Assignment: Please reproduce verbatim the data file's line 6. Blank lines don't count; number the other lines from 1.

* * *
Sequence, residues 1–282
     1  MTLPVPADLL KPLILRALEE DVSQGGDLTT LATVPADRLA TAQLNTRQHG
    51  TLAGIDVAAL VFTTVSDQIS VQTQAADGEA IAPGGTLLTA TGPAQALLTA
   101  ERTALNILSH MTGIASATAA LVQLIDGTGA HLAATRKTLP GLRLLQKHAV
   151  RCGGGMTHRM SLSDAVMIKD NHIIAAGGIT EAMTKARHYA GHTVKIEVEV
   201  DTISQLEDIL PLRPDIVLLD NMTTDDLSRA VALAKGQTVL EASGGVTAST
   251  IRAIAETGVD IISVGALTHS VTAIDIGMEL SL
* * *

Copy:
   201  DTISQLEDIL PLRPDIVLLD NMTTDDLSRA VALAKGQTVL EASGGVTAST